Feeding Frenzy (aka The Garage Sale)
It was still dark when we pulled into the line on Saturday morning, the trailer attached behind us, our daughter and son-in-law in front of us in his pickup truck. Our goal of travelling the country in the RV, sketching, painting and drawing, was coming another step closer.
We had driven down to Houston on Friday. The trailer was fully loaded with boxes and boxes of items pulled from shelves, nooks and crannies throughout the house. We had managed to fit the kitchen table (sort of “farmhouse modern”, I suppose) into the trailblazer along with its four chairs.
On Friday evening, we had reassembled the table and loaded it and the chairs into the back of the pickup.
Now, well before the crack of dawn, we were lined up to enter the parking lot of the Sienna Plantation community center in Missouri City, Texas. We got our booth assignment and rolled very slowly and carefully between booths already set up, parked cars and trucks, and people walking everywhere. Son-in-law Scott and daughter Carol stopped in fron our designated spot, jumped out, and along with Nell, unloaded the table and chairs and a couple of other items. Scott moved the truck away, and I pulled into his spot.
As I walked around to unlock and open the trailer, one of the girls joined me and said “we sold the table and chairs”. It was around 5:30 am, the sale wasn’t supposed to start until 7am, and people were already buying and selling! Fortunately, another vendor bought the table and chairs, so we were able to use it the entire morning to display our wares. The hour or so before sunup was crazy. As we carried boxes from the trailer to the booth area, we had to work our way around the shoppers, who were, I kid you not, shopping by flashlight! And they were buying… and buying. It was like being surrounded by a school of sharks… at night. I’m going to hazard a guess and say we sold between 80 and 90% of what we took to the sale. And we probably sold 75% of that before 8am.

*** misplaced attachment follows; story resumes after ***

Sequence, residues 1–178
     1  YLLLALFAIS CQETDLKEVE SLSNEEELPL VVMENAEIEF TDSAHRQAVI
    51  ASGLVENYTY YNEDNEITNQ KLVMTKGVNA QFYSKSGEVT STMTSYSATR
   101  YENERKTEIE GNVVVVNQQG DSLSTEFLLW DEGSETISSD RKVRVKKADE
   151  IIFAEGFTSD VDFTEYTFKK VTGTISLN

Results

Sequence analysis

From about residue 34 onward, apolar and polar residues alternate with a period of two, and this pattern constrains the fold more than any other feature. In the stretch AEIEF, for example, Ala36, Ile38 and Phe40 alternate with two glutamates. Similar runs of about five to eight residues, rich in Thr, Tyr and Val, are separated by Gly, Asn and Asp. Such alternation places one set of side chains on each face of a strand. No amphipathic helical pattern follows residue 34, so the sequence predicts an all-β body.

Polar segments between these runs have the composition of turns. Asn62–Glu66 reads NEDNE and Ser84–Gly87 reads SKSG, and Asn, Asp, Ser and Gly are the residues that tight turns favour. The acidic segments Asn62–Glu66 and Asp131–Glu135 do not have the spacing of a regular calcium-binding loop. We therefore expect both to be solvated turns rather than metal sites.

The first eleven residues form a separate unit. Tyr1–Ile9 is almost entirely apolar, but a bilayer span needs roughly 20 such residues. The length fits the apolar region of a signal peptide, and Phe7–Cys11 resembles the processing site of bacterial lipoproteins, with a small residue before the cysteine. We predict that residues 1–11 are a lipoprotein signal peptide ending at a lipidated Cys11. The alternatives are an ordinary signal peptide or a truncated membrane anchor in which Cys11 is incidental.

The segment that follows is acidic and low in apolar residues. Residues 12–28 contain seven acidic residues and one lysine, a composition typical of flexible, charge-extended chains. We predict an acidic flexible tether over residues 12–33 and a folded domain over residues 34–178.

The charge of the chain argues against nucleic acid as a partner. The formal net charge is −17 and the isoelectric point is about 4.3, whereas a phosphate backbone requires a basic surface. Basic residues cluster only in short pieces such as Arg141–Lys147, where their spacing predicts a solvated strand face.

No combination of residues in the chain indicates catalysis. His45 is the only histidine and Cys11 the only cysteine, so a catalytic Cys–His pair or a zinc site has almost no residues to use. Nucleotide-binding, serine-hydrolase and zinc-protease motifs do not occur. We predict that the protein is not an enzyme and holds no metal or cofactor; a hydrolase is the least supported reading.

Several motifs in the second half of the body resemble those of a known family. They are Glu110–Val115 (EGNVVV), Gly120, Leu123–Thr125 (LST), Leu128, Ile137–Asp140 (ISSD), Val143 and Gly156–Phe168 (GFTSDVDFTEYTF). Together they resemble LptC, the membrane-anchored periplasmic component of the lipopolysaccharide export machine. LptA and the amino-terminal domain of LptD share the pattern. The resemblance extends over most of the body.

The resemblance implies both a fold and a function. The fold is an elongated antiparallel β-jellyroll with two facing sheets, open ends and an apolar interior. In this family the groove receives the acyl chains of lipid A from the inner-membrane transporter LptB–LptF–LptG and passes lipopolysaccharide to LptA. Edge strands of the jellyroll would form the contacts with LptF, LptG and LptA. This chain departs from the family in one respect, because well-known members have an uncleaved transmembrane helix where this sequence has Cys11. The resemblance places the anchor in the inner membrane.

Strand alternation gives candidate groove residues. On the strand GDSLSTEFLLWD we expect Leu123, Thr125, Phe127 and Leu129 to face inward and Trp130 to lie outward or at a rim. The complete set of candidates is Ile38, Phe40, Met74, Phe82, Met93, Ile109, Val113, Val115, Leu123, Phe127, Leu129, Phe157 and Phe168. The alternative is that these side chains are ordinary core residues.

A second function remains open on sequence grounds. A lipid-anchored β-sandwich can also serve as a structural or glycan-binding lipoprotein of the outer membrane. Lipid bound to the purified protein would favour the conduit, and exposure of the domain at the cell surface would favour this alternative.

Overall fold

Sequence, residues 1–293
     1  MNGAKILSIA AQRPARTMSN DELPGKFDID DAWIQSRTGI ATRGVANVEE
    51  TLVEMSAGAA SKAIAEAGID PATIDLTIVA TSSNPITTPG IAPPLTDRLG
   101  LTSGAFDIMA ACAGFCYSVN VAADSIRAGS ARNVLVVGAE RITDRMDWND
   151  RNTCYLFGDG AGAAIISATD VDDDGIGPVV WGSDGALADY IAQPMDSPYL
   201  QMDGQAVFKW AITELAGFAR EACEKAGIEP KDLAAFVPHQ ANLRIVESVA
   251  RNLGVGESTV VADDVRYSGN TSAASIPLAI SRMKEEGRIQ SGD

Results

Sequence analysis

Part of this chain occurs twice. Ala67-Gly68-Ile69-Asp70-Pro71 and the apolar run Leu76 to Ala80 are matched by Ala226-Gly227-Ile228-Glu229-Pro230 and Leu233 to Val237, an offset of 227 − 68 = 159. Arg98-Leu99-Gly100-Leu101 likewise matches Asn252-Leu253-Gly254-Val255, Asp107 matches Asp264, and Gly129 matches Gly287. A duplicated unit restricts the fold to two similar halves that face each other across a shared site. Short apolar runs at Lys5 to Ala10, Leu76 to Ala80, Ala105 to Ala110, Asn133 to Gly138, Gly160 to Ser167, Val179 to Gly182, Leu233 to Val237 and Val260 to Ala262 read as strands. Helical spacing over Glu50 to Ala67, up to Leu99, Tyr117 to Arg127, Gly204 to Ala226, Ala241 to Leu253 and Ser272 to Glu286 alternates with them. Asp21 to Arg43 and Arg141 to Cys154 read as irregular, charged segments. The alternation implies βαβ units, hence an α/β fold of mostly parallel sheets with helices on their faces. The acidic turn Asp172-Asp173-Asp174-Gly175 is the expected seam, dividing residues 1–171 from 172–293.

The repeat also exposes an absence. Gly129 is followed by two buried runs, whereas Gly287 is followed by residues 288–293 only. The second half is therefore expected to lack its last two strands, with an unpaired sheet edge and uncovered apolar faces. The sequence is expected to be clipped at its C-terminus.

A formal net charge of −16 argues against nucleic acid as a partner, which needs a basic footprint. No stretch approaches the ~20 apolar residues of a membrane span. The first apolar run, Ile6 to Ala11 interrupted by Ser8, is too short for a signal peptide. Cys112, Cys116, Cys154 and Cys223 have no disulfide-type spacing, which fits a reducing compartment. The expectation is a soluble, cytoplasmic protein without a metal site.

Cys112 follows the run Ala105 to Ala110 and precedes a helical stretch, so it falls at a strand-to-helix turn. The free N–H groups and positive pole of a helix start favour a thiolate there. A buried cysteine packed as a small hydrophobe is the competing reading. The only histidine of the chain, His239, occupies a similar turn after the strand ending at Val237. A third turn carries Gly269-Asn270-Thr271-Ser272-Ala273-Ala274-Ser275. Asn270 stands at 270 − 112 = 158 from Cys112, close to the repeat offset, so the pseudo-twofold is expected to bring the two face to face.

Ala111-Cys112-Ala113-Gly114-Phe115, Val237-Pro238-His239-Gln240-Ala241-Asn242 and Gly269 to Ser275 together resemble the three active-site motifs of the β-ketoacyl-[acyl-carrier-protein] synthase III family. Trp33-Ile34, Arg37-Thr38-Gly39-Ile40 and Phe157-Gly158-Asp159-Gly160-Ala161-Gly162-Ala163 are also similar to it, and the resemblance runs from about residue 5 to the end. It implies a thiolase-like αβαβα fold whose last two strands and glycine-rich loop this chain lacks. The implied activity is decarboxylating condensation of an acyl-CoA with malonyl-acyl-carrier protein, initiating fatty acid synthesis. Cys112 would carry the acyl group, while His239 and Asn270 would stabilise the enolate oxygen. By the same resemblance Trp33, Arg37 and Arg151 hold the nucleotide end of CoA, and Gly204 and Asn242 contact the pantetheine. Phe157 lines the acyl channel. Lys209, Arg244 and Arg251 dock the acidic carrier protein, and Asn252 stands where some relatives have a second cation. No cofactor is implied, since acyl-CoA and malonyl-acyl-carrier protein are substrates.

For the first hour or two, what was supposed to be a clear day started off very cloudy, with a very light mist in the air. We didn’t even have time to set up the canopy, and the mist was coming down just enough to start covering everything with a slightly wet coating. Things were wet, and people didn’t care. They bought them anyway! It was amazing.
It was hectic, but fun. One man spent well over a hundred dollars just buying our stuff. He would wander off to other booths, and usually return empty-handed, and finally told Nell “Nobody else has stuff as good as yours.” Of course, we weren’t selling typical garage sale junk. These were things that had decorated our house. The fact that we were nearly giving them away helped tremendously, I’m sure. A very enterprising young man, around 14 years old, wanted to buy a game. He made an offer. We countered. He stuck to his offer. We countered again, and he wouldn’t budge. He knew exactly what he was going to pay. I was so impressed by his business acumen (and didn’t want to take the game home), that I took his offer.
And there were, of course, a few “giveaways” to small children. “But I don’t have any money.” said one little boy who had been covetously fondling a bag of cheap little toys. Hearing him carry the bag into the next booth and say “Mom, they GAVE me this!” was priceless, as was the look on the kid’s face who, close to the end, asked how much another game was (it was marked at $3.00). “How much have you got?” I asked. He held up a dollar. “It’s your lucky day.” I said, and he walked away delighted.
The best story of the day was the little plastic bag with some of those little wooden massage roller things. I think they had been acquired as a gag gift. They sort of resembled some kind of midieval instruments of torture, but the bag was clearly marked “Massagers”. It sat for the entire morning, with a little price tag that said “Free”. No one took it. The man next to us said we should have put a price on it, and it would have sold.
If only we could have art festivals like this! (At our normal prices, of course.) People arriving early, full of eager anticipation to see what we’ve brought this time, money in hand, looking carefully at every item, that fire of desire in their eyes, wanting everything they see. Ah, the stuff of dreams.
When it was over, we had made several hundred dollars. About five small boxes of leftovers were dropped off at Goodwill, and we drove home with an empty trailer. Now, before the money goes to something else, we need to get to Home Depot and look at base cabinets for the RV’s art/computer workstation, and decide on some new flooring to upgrade it a little.
Another major milestone accomplished.